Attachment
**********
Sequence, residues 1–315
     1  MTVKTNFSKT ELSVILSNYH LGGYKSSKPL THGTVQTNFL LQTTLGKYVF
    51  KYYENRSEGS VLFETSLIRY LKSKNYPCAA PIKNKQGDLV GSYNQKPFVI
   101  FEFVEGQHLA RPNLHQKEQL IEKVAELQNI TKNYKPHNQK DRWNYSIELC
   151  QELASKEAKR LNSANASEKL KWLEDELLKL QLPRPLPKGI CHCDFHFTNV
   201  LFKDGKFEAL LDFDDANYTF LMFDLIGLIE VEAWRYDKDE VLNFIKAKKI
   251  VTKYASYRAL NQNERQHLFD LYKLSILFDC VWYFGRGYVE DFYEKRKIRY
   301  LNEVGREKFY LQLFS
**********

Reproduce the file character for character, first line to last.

Sequence, residues 1–315
     1  MTVKTNFSKT ELSVILSNYH LGGYKSSKPL THGTVQTNFL LQTTLGKYVF
    51  KYYENRSEGS VLFETSLIRY LKSKNYPCAA PIKNKQGDLV GSYNQKPFVI
   101  FEFVEGQHLA RPNLHQKEQL IEKVAELQNI TKNYKPHNQK DRWNYSIELC
   151  QELASKEAKR LNSANASEKL KWLEDELLKL QLPRPLPKGI CHCDFHFTNV
   201  LFKDGKFEAL LDFDDANYTF LMFDLIGLIE VEAWRYDKDE VLNFIKAKKI
   251  VTKYASYRAL NQNERQHLFD LYKLSILFDC VWYFGRGYVE DFYEKRKIRY
   301  LNEVGREKFY LQLFS